Knowing I Have a Body – The Art of Being Present


I was standing on the curbside under an old pomegranate tree in front of my therapy office, delighting in the smell of Fall and the hint of chill in the air as my colleague spoke intently about a new concept he had about what motivates interpersonal behavior. 

“I’m not who you think I am,” he said, moving so he stood directly in front of me, entreating me to look him in the eyes, “I’m not even who I think I am.” He raised his eyebrows to emphasize this important new discovery, index finger pointing to his chest. “I’m who I think you think I am,” he said, triumphantly stepping back off the curb and pausing to let that sink in.

Wow… It sounded cool, but what did it mean? I saw my mind immediately grasping to possess the unfamiliar. I shifted my body’s weight from left foot to right and remembered that I have a body… I …am… I saw my mind reach to fill in the blank; I am what?… simple… I am. Even as those words formed in my mind, I experienced body standing, relaxed weight, exhaling. I experienced looking at my colleague as he continued speaking, sun on my face, hearing the sound of his voice, birds in the tree above me, swish of air, passing car, and the posture of my body as I leaned slightly forward, listening over the traffic…nothing was separate, all included… I am present, in this moment.

For the past 26 years, I have worked as a mental health and substance abuse treatment counselor, and am currently a private practice somatic-psychotherapist. It is my life’s work, my calling. Until last year I worked directing a public co-occurring mental health and substance abuse treatment facility in the East Bay area, as a clinician and supervisor, training therapists and counselors.  When I left to begin my private practice, two things I knew for certain:

1. The most potent, curative factor in the therapeutic relationship regardless of theoretical orientation or modality is the relationship between the client and the practitioner.

2. The relationship I have with my clients is the direct result of my relationship with myself. Truthfully I cannot offer something to someone else that I do not have myself.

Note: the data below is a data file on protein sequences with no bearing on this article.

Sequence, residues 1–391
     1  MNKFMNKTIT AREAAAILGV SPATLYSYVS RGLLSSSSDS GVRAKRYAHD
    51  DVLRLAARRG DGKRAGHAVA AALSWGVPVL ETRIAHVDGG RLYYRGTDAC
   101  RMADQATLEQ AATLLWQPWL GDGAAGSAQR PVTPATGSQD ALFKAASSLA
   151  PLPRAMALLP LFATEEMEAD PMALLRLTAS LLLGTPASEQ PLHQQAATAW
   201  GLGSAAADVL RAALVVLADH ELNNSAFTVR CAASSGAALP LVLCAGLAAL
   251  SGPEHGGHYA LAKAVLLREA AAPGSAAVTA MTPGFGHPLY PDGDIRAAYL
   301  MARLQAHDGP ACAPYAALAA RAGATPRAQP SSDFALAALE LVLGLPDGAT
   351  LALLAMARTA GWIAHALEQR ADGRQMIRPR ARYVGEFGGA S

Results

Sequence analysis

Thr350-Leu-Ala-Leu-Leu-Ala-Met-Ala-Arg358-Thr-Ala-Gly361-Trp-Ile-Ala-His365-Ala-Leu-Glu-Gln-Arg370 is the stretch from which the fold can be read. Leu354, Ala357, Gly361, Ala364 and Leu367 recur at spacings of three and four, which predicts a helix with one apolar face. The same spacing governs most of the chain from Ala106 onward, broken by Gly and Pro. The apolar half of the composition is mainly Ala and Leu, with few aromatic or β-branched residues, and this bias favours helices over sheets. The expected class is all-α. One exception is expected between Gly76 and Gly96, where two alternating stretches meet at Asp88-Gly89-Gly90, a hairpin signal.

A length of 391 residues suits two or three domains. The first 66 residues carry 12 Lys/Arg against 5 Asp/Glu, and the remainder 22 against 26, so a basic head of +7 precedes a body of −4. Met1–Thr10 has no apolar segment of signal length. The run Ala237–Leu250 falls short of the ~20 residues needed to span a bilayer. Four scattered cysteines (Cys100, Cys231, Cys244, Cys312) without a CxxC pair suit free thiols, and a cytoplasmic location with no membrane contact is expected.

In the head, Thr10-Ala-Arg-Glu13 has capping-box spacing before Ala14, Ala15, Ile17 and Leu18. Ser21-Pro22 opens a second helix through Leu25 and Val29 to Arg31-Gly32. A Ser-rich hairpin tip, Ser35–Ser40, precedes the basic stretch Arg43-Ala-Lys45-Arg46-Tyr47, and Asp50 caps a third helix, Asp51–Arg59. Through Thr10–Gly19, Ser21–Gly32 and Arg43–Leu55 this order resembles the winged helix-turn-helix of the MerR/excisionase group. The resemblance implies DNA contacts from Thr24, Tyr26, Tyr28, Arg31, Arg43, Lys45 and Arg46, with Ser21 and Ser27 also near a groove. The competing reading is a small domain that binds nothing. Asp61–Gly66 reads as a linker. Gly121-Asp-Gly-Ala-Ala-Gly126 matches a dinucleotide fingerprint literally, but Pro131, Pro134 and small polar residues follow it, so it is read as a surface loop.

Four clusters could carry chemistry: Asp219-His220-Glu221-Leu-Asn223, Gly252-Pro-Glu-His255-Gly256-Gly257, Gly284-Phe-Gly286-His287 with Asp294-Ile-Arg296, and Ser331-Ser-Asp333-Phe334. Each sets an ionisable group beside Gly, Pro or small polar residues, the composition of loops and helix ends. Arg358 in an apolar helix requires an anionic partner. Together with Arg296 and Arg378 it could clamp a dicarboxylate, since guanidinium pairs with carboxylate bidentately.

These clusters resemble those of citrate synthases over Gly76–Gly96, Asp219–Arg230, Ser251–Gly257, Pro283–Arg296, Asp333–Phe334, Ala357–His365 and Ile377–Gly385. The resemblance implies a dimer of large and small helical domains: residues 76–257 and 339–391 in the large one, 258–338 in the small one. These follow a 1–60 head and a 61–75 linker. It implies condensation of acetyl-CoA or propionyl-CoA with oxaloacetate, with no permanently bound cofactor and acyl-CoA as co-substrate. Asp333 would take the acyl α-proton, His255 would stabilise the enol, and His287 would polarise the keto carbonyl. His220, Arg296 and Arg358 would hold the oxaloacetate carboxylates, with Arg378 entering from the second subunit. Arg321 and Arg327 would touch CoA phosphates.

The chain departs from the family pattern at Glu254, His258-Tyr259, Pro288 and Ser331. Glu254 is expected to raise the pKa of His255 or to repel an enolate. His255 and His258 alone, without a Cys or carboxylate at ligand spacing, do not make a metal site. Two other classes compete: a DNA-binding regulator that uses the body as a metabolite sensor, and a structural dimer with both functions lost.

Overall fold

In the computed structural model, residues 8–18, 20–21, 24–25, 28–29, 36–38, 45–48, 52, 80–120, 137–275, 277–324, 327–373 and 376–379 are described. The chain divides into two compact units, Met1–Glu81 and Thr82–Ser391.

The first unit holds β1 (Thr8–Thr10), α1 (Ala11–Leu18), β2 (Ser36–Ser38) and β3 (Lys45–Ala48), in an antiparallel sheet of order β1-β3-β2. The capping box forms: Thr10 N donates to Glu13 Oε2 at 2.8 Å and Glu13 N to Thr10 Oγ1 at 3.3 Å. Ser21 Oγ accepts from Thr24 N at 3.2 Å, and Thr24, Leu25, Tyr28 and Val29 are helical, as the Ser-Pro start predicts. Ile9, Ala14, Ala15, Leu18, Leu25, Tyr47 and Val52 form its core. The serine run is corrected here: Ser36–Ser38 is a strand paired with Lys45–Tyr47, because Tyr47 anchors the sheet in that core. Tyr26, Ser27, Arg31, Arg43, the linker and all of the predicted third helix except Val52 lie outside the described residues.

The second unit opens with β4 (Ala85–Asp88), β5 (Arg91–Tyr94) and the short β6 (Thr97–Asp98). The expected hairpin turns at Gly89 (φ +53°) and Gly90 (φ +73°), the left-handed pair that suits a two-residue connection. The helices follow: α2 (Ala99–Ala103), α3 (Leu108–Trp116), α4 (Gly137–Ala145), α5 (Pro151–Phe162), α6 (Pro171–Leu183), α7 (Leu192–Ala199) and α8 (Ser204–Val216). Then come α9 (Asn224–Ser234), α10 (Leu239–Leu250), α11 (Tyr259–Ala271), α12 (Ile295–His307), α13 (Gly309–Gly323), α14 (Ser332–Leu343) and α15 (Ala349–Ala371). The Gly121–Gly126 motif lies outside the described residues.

In 1996, as the result of a spinal injury, I had the great fortune to be introduced to BREEMA. The commonsense wisdom yet profoundly encompassing effect of this body-based method brought me a long way in healing my back issues but also affected deeply, my psychological and emotional outlook on life.

You are inherently ok, you are accepted, you belong.

This was the underlying experience of my treatments at the Breema Clinic. Wordlessly, I received this.

Now, some twenty years later, it is hands down the thing that most informs my psychotherapy practice, and in fact, every aspect of my life. Practicing the simple self-care movements and bodywork, using the Nine Principles of Harmony throughout my busy day, I am reminded that I have a body and I come from the complication of my thoughts and commentary about myself and life to a simple, direct experience – body, mind, and feelings working in harmony, simply being present in the moment.

I experience vitality, a love for life, and an inclusive attitude that allows me to engage life with openness, confidence, and a real desire for meaningful participation. This is the genuine foundation of my therapeutic relationship with clients– the most potent ingredient.

And because the fundamental, universal principles of Breema are inclusive– I am included in the benefit– my energy is not drained in session. I am not giving my client anything that I am not also giving myself.


The Nine Principles Of Harmony

Body Comfortable

When we look at the body, not as something separate, but as an aspect of a unified whole, there is no place for discomfort.

No Extra

To express our true nature, nothing extra is needed.